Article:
Something I believe I will be saying for the rest of my life is: I am an experiential learner.  Being an experiential learner means that a course or experience is most useful to me when I am within the environment where I can reference and pull from the lessons of the classroom.  In this instance, I decided to study abroad in Ghana during my senior year of college.  Most wouldn’t, sometimes I wonder if I should have.  Be that as it may, I am here.  When thinking about how best I could make use of my four months in this very calm and historically relevant West African country, I knew that I also wanted to be a member of the workforce.  The best way to do that given the options that were presented to me was to apply and secure an internship.  I believe that working for a Ghanaian based institution will show me something that my classes cannot: how people collaborate here, how morning traffic works, how human beings operate outside of the university setting, etc.

An internship is also one of the buzzwords for success.  Where I come from many people chastised, criticized, and gawked at my decision to come to Ghana asking whether I thought Spain, London, or South Africa were better options.  An internship gave me the freedom to say that my coming to Ghana was legit: I was not going to spend four months depreciating in value. No, no. I had an internship.  One that would provide me with insights beyond lectures and move me closer to an understanding of what line of work I would do in the future, what industry, what location, which people.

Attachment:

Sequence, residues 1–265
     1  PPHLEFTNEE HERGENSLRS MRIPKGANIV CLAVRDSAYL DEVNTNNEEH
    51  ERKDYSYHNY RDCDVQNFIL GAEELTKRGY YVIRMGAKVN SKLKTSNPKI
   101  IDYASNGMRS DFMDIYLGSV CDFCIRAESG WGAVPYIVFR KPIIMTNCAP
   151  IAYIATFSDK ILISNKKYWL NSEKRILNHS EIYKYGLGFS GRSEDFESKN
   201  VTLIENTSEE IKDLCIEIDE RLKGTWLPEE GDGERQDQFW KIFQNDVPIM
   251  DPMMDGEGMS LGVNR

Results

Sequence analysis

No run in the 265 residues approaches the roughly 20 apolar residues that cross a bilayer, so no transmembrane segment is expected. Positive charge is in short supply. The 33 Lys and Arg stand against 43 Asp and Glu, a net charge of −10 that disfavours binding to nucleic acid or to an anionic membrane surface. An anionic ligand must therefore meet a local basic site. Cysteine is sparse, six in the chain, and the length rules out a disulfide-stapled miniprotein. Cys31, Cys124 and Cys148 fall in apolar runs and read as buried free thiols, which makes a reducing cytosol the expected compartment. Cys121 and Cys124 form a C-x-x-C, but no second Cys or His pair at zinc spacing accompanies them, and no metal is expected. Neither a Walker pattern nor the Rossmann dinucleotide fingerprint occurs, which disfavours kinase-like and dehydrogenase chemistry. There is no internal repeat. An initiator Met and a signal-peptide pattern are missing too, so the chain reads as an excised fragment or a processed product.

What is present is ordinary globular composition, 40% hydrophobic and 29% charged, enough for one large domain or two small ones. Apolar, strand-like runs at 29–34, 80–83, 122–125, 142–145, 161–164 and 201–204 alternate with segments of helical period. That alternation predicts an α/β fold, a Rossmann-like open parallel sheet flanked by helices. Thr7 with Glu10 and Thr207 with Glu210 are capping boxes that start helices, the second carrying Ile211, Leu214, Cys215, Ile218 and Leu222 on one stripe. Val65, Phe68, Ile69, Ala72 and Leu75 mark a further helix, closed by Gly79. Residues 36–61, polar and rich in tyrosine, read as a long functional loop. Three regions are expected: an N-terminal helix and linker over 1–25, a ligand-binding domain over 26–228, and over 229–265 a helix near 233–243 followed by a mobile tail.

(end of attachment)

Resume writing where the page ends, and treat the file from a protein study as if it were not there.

I wanted to do an internship because work experience can provide a gauge for one’s professional interests even more than the classroom.  Not only that, it can serve as the compass to future endeavors.  As you can see, why I choose to do an internship is closely tied to what I hope to gain from this work experience.  At the rudimentary level, I hope to leave with professional connections, a better understanding of myself, deeper insights to how I can help the bright and shining, ever changing Mother Africa.  As a Political Science and African Studies double-major, who minors in a few other artistic mediums, my placement at the Ghana Anti-Corruption Coalition made quite a lot of sense.  The Ghana Anti-Corruption Coalition (GACC) is “a unique cross-sectoral grouping of public, private, and civil society organizations (CSOs) with a focus on promoting good governance and fighting corruption in Ghana.”  GACC currently has eight institutional members some of which are the Center for Democratic Development, Economic and Organized Crime Office, Ghana Journalist Association, and Institute of Economic Affairs.

I hope that at the end of this experience I will know a little bit more about myself and what my role can be in resolving corruption, Africa’s most curable, yet self-inflicted epidemic.  Truthfully, I also hope that it will be fun!  After visiting GACC the first time I am a bit weary because of how long the commute was and the fact that I was unable to meet the internship coordinator to discuss the work I will be doing; despite this, I am optimistic.  I hope that my energy and perspective can help move this or whatever organization I work for forward.